I want to know the difference between the Full Install on USB and Live USB.

Specifically I'm confused about the thing that which runs directly from the USB without installing it on Computer's HDD because I frequently work on different computers so I'm not going to install it on every computer and work from it.

In addition, I also want to boot the OS as fast as possible.

It'll be great if someone can give me full explanation of how OS loads, run etc which will be helpful in increasing my ill knowledge.

And also please suggest me a feasible option by considering all the factors like reads/writes etc so that I can plug and work for a maximum frequency.

The OS I need to work on is Kali Linux.

1 Answer 1


Your original "live" versions of distributions would boot off of a CD-ROM and work entirely from RAM, including root and home partitions. It would not modify any drives on the local system. Live OSes are also not easily updated - you can update but the updates will disappear when you shut the OS down, as nothing is really written back to the disk. They are great for recovery and demo purposes.

An actual full install to USB will work just like an install to an internal SATA or other disk. Root and home partitons will actually be on that USB drive and your system can be updated like any other normal install. If you remove the USB drive or disturb the USB bus while the system is running it wll crash (like if you removed SATA drive while system is running.) Linux has no problem running from a USB (or any) drive and you won't notice a difference other than speed.

  • As a side note live systems with persistence do exist. If you're to do a full install on USB. The drive will likely be tied to similar hardware. I would personally recommend LiveUSB with persistence. Live vs Full install in this context basically means drivers may be excluded & certain configs excluded.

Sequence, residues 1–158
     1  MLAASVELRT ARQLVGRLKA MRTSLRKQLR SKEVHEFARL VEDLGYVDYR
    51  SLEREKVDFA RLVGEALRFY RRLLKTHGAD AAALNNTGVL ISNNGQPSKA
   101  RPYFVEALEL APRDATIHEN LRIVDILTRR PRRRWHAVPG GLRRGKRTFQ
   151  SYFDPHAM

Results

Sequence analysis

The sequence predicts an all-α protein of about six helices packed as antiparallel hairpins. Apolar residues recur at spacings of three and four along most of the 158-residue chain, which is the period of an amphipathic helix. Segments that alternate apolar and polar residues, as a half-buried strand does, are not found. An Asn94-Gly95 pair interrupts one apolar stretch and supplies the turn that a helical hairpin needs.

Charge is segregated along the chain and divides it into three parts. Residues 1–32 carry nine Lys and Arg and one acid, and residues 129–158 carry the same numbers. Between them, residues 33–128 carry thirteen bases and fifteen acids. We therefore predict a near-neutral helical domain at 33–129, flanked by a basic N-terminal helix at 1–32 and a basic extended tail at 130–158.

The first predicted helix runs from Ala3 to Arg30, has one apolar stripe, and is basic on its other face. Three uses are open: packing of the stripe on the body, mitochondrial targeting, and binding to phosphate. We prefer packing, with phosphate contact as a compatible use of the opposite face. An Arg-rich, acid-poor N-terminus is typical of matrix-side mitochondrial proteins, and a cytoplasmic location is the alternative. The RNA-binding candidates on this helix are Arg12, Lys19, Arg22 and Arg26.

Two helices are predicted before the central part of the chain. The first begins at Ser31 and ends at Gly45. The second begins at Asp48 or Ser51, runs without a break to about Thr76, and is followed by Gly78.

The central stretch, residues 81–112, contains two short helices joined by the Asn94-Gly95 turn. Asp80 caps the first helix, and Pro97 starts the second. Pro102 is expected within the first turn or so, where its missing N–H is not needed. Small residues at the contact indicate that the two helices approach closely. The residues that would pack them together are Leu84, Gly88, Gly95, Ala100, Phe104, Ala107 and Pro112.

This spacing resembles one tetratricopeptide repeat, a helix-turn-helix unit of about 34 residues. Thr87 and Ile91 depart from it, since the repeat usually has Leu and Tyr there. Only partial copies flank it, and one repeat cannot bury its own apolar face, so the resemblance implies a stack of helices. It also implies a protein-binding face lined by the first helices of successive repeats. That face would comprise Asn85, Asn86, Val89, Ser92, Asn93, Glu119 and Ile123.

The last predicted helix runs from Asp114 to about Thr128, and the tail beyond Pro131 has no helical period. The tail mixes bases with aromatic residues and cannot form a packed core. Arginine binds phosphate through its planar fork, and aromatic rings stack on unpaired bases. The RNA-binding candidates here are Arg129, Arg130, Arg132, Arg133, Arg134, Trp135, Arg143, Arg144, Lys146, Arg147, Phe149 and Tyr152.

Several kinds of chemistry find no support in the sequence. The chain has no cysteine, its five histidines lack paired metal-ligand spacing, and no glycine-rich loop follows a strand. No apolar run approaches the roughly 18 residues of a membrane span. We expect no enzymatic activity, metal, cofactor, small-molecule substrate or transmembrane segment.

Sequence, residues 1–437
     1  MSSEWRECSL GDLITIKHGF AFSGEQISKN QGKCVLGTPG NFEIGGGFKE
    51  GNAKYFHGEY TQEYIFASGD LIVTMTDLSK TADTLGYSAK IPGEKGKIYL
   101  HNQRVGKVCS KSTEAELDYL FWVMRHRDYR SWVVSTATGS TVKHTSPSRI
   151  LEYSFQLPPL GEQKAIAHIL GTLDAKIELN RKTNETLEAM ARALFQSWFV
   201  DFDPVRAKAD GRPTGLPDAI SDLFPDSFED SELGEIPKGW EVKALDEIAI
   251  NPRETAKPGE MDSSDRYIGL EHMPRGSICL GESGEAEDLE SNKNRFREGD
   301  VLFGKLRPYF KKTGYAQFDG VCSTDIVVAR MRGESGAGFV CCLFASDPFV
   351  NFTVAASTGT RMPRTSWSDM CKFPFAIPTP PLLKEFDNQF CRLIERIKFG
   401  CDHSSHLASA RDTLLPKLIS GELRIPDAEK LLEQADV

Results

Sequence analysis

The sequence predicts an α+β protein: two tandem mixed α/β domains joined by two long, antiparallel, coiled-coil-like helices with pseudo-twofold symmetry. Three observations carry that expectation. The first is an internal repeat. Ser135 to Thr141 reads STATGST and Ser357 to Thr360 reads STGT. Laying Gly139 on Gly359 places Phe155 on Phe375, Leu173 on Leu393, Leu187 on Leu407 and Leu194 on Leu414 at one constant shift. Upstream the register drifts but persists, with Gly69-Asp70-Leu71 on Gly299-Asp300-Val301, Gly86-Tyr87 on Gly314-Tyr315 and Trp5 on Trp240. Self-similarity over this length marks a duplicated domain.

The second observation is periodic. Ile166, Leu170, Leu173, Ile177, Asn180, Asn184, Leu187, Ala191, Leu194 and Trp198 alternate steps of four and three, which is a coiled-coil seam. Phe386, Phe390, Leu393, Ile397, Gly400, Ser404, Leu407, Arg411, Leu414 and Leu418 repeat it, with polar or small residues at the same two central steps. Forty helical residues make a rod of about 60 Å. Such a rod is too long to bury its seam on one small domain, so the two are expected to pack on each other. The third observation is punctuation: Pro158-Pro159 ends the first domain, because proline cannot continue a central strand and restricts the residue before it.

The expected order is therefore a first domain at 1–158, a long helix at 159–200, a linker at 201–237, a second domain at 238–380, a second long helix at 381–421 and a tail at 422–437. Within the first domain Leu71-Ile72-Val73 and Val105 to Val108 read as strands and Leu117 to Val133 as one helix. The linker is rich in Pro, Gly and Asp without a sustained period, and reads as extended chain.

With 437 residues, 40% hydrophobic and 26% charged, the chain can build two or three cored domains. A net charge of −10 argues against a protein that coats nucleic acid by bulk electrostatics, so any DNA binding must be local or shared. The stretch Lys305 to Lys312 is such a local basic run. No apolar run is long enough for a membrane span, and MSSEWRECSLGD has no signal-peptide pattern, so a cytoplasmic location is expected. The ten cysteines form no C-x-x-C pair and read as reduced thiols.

– Terus
    Jun 11, 2017 at 14:09
  • 1
    Addition: Some LiveUSB systems can have a small amount of user-files written to the USB stick in a special area on stick. Only for user-created documents and such. Not for anything OS related (like updates). Addition2: In most cases the LiveUSB is a lot more more responsive than a "install to USB", because the LiveUSB after initial boot copies most stuff to RAM and continues running from RAM, which is a lot faster than running from an USB install. (USB sticks are SLOW. USB3 can be as fast as regular HD, but most USB3 sticks use slow flash-chips internally.
    – Tonny
    Jun 11, 2017 at 14:09
  • @Terus So Live version will be of smaller size than full install version?
    – user218987
    Jun 11, 2017 at 15:06
  • @Tonny Can you suggest me a USB drive with a durable reads/writes?
    – user218987
    Jun 11, 2017 at 15:09
  • Space requirements vary between distributions. However a Live system tends to be built light weight. That isn't to say that it will be smaller than a full installation. Of course you don't want a politician styled yes but no answer. To put it simply a Live system usually has fewer of the novelty items. Focusing more on specialized or feature specific software.
    – Terus
    Jun 11, 2017 at 15:11

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